SACRAMENTO, Calif. (CN) – A resolution in the California Senate calling on Congress to investigate human rights abuses against members of a religious group in China has been shelved, and its author believes a letter from the Chinese consulate is to blame.
In July, state Sen. Joel Anderson, R-Santee, introduced a resolution calling on President Donald Trump and Congress to investigate the suspected human rights abuses by the Chinese government against members of the religious group Falun Gong, also known as Falun Dafa. The measure moved swiftly through the Senate Judiciary Committee with a unanimous vote.
Lawmakers then whittled down the initial resolution – five pages of forceful rhetoric against the actions of China – to a single, factual page. But just before the resolution was to be read on the floor, Senate Pro Tem Kevin De Leon, D-Los Angeles, moved the measure to the Senate Rules Committee without a vote or discussion and then shelved it.
De Leon’s decision may have been due to an unsigned letter sent by China’s consulate general in San Francisco, calling Falun Gong an “evil cult.” The letter was received the day before De Leon moved the bill. Neither De Leon’s office nor the Chinese consulate returned requests for comment.
“These are not people that are strapping bombs on themselves and blowing themselves up trying to kill others,” Anderson said. “These are people who are focused on meditation through their faith. They have a harmless faith.”
In 2007, Anderson got a resolution passed recognizing Falun Gong and the liberty of the United States to allow freedom of religious expression. The Chinese consulate sent him a letter accusing him of being a terrorist, and banned him from traveling to China.
Falun Gong is a spiritual practice that utilizes qigong, measured movements and a focus on breathing and meditation to promote health and wellness. Falun Gong differs from traditional qigong in that there is no membership fee, no specified ritual and a greater emphasis on morality.
Congress passed a resolution in 2016 with bipartisan support and drastically more forceful language than Anderson’s recently shelved effort. Minnesota lawmakers passed their own version this week.
“Here in California, we talk about California values,” Anderson said. “If we can’t stand up for those who simply want to meditate and become better people, if we can’t step up for religious liberty and freedom, not just here but around the world, we have failed those values.”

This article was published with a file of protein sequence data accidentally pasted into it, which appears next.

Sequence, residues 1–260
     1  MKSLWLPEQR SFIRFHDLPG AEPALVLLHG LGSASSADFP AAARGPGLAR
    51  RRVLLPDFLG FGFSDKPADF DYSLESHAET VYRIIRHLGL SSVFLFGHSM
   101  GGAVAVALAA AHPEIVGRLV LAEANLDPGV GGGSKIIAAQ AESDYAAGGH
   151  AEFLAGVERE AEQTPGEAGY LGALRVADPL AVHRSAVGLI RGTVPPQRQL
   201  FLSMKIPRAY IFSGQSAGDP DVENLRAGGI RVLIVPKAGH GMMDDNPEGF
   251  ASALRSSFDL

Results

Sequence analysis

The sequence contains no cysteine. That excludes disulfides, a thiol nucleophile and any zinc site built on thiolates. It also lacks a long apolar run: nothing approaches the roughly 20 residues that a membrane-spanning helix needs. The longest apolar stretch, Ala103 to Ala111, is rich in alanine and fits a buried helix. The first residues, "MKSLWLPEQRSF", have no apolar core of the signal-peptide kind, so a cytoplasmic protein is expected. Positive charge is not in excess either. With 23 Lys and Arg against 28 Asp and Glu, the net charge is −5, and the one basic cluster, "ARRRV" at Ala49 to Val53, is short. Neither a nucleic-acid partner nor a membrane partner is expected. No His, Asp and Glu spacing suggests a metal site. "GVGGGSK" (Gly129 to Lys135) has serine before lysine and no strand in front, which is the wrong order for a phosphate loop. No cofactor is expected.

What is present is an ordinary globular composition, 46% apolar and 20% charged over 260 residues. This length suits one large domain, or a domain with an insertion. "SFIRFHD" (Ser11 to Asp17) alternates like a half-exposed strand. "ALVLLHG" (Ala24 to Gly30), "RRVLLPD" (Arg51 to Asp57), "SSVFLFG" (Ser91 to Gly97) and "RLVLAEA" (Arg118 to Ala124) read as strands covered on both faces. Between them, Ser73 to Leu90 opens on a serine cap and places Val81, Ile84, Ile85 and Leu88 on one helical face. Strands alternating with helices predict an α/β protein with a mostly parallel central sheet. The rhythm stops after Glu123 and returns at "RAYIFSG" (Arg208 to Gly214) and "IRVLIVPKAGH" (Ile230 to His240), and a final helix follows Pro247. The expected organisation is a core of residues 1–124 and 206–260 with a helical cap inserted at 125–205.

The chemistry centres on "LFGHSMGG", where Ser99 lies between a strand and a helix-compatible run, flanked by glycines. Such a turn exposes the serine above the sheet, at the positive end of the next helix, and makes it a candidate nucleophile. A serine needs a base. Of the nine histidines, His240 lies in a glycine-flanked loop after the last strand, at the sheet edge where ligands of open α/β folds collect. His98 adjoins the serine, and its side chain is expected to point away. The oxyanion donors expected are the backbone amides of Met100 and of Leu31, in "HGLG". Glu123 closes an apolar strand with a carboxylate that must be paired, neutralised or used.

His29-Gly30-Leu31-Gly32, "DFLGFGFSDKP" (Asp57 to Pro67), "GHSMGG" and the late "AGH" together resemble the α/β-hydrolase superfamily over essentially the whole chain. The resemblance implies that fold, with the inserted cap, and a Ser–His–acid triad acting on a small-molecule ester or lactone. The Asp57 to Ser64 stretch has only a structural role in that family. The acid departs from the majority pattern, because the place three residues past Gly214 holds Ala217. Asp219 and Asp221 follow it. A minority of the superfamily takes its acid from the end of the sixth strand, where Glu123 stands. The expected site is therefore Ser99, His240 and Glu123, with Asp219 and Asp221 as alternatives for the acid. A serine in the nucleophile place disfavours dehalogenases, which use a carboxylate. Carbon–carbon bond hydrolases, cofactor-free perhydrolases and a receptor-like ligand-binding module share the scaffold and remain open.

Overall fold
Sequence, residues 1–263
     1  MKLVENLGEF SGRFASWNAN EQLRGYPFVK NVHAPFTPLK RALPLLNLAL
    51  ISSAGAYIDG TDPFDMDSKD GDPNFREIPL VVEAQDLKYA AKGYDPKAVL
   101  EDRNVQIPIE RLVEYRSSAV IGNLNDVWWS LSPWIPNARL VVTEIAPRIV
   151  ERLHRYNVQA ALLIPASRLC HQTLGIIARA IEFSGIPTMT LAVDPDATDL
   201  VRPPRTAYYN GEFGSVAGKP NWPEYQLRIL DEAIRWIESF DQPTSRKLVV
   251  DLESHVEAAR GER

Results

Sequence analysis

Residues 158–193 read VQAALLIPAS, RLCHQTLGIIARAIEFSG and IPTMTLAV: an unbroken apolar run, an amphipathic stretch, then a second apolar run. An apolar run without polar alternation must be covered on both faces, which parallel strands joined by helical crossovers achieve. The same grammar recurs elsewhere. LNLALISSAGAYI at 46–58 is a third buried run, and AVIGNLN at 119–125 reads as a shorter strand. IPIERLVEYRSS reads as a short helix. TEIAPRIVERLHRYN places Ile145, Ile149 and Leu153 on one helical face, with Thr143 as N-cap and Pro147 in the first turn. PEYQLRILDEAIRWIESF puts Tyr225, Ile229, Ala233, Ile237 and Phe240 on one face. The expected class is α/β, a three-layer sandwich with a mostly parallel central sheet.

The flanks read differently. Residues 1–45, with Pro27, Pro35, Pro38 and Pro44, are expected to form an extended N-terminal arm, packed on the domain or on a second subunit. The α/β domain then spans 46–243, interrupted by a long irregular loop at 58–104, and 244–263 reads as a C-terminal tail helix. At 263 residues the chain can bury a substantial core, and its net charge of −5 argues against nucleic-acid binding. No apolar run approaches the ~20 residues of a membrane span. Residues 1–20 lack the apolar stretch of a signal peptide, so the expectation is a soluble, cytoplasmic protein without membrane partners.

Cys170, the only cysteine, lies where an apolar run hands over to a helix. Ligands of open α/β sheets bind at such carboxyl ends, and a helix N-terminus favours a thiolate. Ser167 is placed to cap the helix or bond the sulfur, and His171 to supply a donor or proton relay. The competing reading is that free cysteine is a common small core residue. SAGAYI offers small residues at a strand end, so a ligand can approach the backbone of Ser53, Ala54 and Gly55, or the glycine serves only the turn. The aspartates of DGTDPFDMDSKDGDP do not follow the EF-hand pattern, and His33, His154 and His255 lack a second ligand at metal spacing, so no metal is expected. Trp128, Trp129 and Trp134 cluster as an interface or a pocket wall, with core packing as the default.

In 1999 – the year Falun Gong was banned in China – an estimated 70 million people embraced the spiritual tenets of truthfulness, compassion and forbearance. Between 1993 and 1996, however, the Chinese government supported the Falun Gong movement and even made its founder Li Hongzhi a master practitioner.
The Chinese government’s opinion turned starting in 1996, when Li refused to tie Falun Gong to communism and the state. Then in April 1999, approximately 10,000 practitioners peacefully gathered in Beijing to request official recognition. In response, the state declared Falun Gong an illegal “heterodox religion” and rounded up thousands it believed to be leaders of the movement. Those arrested were “re-educated” in labor camps, and many were maimed and killed.
The Chinese government established a special police unit known as the 6-10 Office to hunt down Falun Gong practitioners and spread media campaigns critical of the religion in an effort to dissuade Chinese people from joining.
Over the last 18 years, thousands of Chinese citizens have been arrested and sentenced to re-education training in an effort to eradicate Falun Gong. Those who refuse to part with their beliefs are executed.
Disturbing reports of torture and forced harvesting of organs have led many nations to ban citizens from traveling to China for medical procedures. China denies that any Falun Gong practitioners have been killed and says those who have died did so because they refused to take medicine or accept medical aid.
The United Nations and the World Health Organization both disagree and have condemned the actions of the Chinese government.
A report authored by former Canadian Secretary of State David Kilgour and human rights lawyer David Matas found that “the source of 41,500 transplants for the six-year period 2000 to 2005 is unexplained” and concluded that “the government of China and its agencies in numerous parts of the country, in particular hospitals but also detention centers and ‘people’s courts,’ since 1999 have put to death a large but unknown number of Falun Gong prisoners of conscience.”
Wait times for organ transplants in China average about two weeks compared to 32 weeks in Canada, despite its smaller voluntary organ donor list.
“I think the question has to be asked why does China have such a grip on your throat that they can bully California Democrat leadership that says that they are for the downtrodden, those being picked on around the world, but when it comes to these people they aren’t willing to stand up against their slaughter,” Anderson said. “It begs the question, why is it that we are so focused on Russia and our elections, but we don’t care about China executing people?”
Anderson has promised to keep turning the screws by attempting to amend every resolution that comes to the floor with the language his resolution. He also planned a peaceful protest at the Chinese consulate in San Francisco for Friday morning.
“We are going to challenge them to see if they want to harvest our organs,” Anderson said. “I am not standing down. There will be no peace until there is justice. I am going to be relentless, because if Republicans don’t stand up to Democratic leadership that refuses to acknowledge genocide, who will?”